Twitter Contests Court Order to Release User's Data Without Warrant

Twitter Contests Court Order to Release User's Data Without Warrant
A judge erred when ruling a person does not own content he posts to the service, Twitter said
By Jeremy Kirk
News May 9th 2012

Twitter is contesting a court order requiring it to turn over private data on a user charged with disorderly conduct during the Occupy Wall Street protests in New York last year.

On Monday, the company filed a memorandum in New York's Criminal Court, asserting that users own their content and that it may be unconstitutional to request it without a warrant.

The closely-watched case involves Twitter user Malcolm Harris, who has been charged along with several hundred others for allegedly marching onto the roadway of the Brooklyn Bridge on Oct. 1.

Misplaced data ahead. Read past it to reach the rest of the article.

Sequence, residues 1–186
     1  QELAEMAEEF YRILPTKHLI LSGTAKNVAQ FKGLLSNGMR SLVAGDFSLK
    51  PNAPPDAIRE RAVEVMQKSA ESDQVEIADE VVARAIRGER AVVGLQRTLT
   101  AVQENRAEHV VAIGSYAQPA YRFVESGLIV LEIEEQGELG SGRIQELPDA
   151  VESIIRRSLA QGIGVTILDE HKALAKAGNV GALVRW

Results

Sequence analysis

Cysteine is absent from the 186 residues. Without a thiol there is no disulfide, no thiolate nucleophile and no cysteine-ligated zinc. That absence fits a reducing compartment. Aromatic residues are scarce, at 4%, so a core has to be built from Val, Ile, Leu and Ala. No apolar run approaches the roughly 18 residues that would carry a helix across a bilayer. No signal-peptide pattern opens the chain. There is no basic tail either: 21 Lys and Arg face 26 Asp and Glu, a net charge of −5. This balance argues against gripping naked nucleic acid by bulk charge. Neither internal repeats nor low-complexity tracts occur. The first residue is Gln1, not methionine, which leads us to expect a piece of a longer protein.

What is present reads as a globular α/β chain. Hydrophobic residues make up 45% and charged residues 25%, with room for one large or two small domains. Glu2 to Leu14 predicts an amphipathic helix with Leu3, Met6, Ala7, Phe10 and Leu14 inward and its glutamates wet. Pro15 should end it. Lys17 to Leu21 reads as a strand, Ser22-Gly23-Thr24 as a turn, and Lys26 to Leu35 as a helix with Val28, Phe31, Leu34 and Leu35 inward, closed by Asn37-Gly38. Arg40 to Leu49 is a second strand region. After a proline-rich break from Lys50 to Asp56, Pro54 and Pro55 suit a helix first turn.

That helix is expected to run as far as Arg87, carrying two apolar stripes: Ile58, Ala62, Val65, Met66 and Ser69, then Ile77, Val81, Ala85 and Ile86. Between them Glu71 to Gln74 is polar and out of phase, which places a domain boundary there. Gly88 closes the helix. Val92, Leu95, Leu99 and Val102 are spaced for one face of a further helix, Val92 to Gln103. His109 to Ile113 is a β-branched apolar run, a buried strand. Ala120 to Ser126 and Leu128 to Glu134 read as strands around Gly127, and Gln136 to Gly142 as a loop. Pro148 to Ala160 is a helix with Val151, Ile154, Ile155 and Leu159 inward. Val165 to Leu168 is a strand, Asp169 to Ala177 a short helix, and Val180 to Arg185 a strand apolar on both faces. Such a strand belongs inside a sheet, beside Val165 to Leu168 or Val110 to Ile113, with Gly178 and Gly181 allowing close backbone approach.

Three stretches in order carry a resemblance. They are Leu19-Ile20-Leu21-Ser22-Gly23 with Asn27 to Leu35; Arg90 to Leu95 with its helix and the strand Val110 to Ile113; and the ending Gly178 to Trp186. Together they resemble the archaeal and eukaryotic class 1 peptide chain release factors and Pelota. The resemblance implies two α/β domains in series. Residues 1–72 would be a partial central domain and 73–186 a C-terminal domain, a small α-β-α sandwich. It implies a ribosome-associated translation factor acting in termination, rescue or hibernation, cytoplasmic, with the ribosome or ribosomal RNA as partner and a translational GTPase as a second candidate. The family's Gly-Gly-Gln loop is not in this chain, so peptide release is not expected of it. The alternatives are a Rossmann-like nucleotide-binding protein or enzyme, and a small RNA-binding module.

Prosecutors want Harris' tweets between Sept. 15 and Dec. 31, 2011, in order to refute an "anticipated defense" that police led or escorted him onto the bridge's road, according to court documents.

Twitter was served with a subpoena on Jan. 26 ordering it to turn over the information, citing section 2703 of the Stored Communications Act. The Act requires a service provider to disclose certain kinds of electronic communications without a warrant.

Twitter told Harris of the subpoena on Jan. 30, and Harris filed a motion to quash it. A judge denied the motion on April 20, ruling that Twitter's privacy policy and terms of service mandate "that the tweets the defendant posted were not his" and that Harris did not have a "proprietary interest."